Author Topic: Removing Ambiguity from the Sportsman No-Wedge Rule  (Read 4831 times)

MikeNCR

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Removing Ambiguity from the Sportsman No-Wedge Rule
« on: April 09, 2015, 06:12:18 pm »
Rules as written:
Quote
4.2.4. No Wedges. Sides of a bot within 1 inch of the floor must be perpendicular to the floor. If your bot can drive in multiple positions (i.e. inverted), your bot must comply in each of these positions. Unusually shaped bots that do not meet the letter of this rule, but that do not contain wedge-like surfaces may be allowed on a case by case basis.
    4.2.4.1. While a large plate extending from the bot that is flat or nearly flat to the floor such as in the bots Alf or Zok may satisfy the rule as described above, it will also not be allowed. This or any other static device which has the purpose of removing the opponent's wheels from the arena floor is not allowed.
    4.2.4.2. You must also use care when designing your weapon so that the weapon does not violate the no wedge rule. A weapon which requires a small slope below 1 inch or a small plate that is flat to the floor in order to function will be allowed at the discretion of the officials.
    4.2.4.3. Example: A lifter, flipper, or clamping weapon.
    4.2.4.4. However this must be kept within reason.
    4.2.4.5. Example: A lifter with an actuated wedge-like surface that extends for a significant portion of the bot's width will not be allowed.
4.2.5. Lifting, Flipping and Grabbing Weapons. An articulated “spatula”, parallel to the floor is allowed, provided that it complies with the “no wedge” rule. (4.2.4)

The main goal of this discussion is to come up with an update to the rules such that there isn't a need for bots to be approved on a case by case basis while still preserving the overall goal of the sportsman class-

Quote
The intent of the Sportsman Class is to encourage novel designs and driving ability. The focus of this class is fun and creativity, not the annihilation of your opponent. Robots must comply with both the letter and spirit of these rules to qualify for this class.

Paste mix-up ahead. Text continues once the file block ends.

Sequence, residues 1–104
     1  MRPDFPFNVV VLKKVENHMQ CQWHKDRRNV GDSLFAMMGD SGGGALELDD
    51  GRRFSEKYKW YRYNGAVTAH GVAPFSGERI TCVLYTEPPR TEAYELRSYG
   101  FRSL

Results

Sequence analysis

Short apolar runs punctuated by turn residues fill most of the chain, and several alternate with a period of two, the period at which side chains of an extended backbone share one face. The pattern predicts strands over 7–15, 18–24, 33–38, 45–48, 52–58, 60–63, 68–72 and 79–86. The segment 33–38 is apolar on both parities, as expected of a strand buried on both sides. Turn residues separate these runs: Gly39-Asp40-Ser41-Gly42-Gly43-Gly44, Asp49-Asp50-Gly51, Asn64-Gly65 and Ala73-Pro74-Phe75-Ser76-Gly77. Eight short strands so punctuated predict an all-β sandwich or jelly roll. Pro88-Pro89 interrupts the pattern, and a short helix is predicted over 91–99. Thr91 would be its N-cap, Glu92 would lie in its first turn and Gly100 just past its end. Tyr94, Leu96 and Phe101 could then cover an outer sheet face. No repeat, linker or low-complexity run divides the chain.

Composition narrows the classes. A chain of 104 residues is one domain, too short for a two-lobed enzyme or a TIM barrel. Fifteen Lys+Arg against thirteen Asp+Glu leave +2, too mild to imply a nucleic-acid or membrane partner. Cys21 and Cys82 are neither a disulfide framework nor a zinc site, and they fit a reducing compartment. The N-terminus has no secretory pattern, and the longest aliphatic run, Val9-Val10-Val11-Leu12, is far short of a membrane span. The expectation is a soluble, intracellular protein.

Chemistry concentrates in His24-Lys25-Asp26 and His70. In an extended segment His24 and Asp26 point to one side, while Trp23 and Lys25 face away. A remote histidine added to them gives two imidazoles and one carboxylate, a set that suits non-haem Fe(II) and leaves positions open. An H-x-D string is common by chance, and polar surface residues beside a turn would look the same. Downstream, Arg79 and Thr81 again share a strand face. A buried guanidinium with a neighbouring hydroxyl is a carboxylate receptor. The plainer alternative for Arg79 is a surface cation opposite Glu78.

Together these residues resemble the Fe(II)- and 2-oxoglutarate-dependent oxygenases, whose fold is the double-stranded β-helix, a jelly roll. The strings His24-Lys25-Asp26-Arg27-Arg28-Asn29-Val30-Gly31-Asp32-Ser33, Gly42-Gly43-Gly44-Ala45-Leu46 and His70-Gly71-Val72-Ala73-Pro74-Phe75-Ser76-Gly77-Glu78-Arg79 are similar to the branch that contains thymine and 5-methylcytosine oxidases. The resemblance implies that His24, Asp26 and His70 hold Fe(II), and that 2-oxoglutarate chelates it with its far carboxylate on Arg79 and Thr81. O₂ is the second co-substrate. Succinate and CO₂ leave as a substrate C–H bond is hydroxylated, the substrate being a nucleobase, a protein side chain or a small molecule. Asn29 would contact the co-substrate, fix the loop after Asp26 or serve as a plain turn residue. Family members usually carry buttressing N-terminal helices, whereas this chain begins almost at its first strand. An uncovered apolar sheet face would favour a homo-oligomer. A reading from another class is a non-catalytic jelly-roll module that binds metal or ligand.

So, how do we define wedge vs. not wedge.

Bots like Uberclocker, LockJaw, Gigarange, Nyx, and most other flippers are all flirting with the edges of the rules as written and could, depending on who is interpreting them, be considered in violation of the rule.

Some initial thoughts:

Static and powered plates/wedges/etc(hereafter referred to as wedge-like surfaces) fall under different design requirements.
Specific, measurable limits to the width and thickness of wedge-like surfaces.
Minimum spacing between wedge-like surfaces to not count as a single, wider wedge-like surface

Potential definitions for a banned Wedge-like Surface:
Unpowered wedge at any width or unpowered flat plane consisting of elements greater than 6" in combined width.
  • Combined width is defined as the total width of elements of the same system that have less than 8" of spacing between the outer two most elements of the system - For example, two prongs of a fork that are 1" wide each, spaced with a 6" gap would have an 8" combined width and would thus be illegal. If the spacing were 4" instead, the combined width would be 6" and therefore legal.
Unpowered flat plane elements must be in some way necessary to the functionality of the weapon system.
  • The forks on LockJaw, which are a required structural element of the crusher would be legal. Additionally, outriggers like on Nyx or Uberclocker would be legal as they are spaced more than 8" apart and as such only have their individual widths counted.
The sum of all combined widths may not exceed 6".
  • You can have a single 6" combined width element, two 3" combined width elements, or 3 2" combined width elements, however you can't have 2 combined width elements of any size greater than 3" each.
Flat plane style attachments may not be more than 1" tall for the portion of their length that is likely to interact with other robots.